Kidsafe WA

Latest News

Button Batteries

Button batteries are flat, round, coin-sized batteries that can cause severe injury and death if swallowed. They are commonly found in household products, such as hearing aids, novelty items, toys, musical greeting cards, remote controls, kitchen and bathroom scales and calculators. Diagnosis can be difficult as the symptoms of swallowing a button battery can be similar to other childhood illnesses. Symptoms can include coughing, drooling, discomfort, vomiting, abdominal pain, fever, diarrhoea and respiratory distress.

If a child is suspected of swallowing a button battery, call the Poisons Information Line on 13 11 26 immediately. However, if the child is choking or struggling to breathe, phone 000 for an ambulance.

Kidsafe WA has recently released the Childhood Injury Bulletin: Button Batteries, summarising presentations to the Perth Children’s Hospital Emergency Department over a five-year period. The bulletin found that children aged between 0 and 4 years accounted for 74% of button battery-related injuries. Children under the age of five are at particular risk of injury due to their narrow oesophagus and innate curiosity to place small objects into their mouth, ears and nose. When swallowed, a battery can get lodged in a child’s oesophagus. The saliva triggers an electrical current, initiating a chemical reaction that can cause severe burns and tissue damage within two hours of ingestion. Three children in Australia have died after swallowing a button battery.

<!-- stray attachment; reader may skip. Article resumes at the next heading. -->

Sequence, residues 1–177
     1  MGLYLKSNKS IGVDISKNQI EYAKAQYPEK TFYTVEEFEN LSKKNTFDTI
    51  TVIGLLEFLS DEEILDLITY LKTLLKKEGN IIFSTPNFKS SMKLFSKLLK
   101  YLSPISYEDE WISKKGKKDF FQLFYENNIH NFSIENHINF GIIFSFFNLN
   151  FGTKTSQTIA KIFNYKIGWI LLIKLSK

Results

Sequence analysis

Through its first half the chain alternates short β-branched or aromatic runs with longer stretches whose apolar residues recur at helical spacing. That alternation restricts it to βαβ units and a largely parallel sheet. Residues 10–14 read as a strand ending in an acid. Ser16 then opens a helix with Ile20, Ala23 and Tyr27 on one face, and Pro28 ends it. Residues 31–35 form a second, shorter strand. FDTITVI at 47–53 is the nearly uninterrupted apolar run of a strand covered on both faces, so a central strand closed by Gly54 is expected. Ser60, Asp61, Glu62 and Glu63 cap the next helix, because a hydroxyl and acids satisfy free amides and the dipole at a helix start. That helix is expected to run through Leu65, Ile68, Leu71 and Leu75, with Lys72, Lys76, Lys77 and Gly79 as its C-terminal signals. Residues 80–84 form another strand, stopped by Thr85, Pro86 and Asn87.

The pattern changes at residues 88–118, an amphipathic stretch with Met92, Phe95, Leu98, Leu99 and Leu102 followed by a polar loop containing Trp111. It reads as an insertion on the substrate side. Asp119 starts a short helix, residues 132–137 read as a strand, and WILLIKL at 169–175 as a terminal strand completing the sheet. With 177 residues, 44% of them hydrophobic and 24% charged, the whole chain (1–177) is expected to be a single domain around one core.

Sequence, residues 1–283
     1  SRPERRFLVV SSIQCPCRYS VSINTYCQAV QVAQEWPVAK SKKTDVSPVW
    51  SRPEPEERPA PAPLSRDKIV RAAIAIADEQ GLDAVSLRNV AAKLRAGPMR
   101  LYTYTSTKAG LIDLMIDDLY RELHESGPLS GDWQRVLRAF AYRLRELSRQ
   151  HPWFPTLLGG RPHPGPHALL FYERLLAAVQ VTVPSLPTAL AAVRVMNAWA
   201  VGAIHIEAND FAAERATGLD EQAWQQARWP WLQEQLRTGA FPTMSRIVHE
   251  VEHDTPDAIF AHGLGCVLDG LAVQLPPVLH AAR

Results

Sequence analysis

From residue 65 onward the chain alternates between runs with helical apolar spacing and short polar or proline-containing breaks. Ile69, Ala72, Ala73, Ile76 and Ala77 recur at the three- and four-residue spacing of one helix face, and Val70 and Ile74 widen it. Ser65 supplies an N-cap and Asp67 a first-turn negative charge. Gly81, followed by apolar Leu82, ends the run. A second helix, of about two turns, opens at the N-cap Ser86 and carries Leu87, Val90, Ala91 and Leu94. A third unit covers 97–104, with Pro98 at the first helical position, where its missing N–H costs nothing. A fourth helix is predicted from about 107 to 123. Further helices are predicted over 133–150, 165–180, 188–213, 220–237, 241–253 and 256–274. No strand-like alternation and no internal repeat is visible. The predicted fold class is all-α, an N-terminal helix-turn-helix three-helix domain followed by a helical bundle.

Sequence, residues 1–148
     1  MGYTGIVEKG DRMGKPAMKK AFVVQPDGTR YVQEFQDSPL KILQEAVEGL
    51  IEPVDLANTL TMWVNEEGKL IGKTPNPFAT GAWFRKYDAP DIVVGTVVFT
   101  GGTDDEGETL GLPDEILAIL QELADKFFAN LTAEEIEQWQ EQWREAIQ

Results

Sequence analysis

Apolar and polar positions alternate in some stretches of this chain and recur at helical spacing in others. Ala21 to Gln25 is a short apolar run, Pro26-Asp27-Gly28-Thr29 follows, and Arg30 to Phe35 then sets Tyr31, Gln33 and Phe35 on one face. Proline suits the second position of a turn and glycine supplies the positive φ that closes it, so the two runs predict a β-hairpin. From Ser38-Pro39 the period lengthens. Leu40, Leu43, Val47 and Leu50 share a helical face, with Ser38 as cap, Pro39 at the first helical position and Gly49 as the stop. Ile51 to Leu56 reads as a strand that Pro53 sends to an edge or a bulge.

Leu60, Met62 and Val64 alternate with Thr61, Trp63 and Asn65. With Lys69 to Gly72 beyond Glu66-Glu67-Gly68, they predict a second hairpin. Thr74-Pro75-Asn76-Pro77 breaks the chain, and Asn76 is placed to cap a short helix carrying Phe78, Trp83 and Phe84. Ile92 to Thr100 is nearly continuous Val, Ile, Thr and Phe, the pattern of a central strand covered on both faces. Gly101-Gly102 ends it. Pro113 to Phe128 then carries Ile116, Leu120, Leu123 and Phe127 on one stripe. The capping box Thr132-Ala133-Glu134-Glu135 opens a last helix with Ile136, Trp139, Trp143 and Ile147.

In June 2022, mandatory safety standards were established in Australia to specify a minimum requirement in regard to secure battery compartments for products, child-resistant packaging, compliance testing and additional warning labels and emergency advice. Products must now meet the mandatory standard before they can be sold in Australia. The following preventative measures can assist in reducing the risk of button battery injuries:


  • Only carry products that comply with the mandatory button battery safety standards.
  • Encourage consumers to purchase alternative products that do not use button batteries, where the battery does not need to be replaced and can be recharged.
  • Displayed button batteries at a sufficient height to prevent small children from accessing them.


  • Avoid buying products that use button batteries. Look for those with an alternate power source.
  • Purchase button battery-operated products with a child-resistant battery compartment. Products purchased from overseas suppliers may not be child-resistant. 

At home:

  • Identify devices around your home that may contain button batteries.
  • Ensure battery compartments are secure, regardless of whether the device is intended for a child.
  • Place button batteries and devices that contain them out of reach and out of sight of young children.
  • Inspect toys and other items regularly to ensure the button battery compartment is still secure.
  • Stop using the product if it is damaged or the button battery compartment does not close securely.
  • Dispose of batteries safely by wrapping them in sticky tape and putting them in a child-resistant container, out of reach of children until you can recycle them at a battery recycling collection point. Even old button batteries can be dangerous.

To view the full report, visit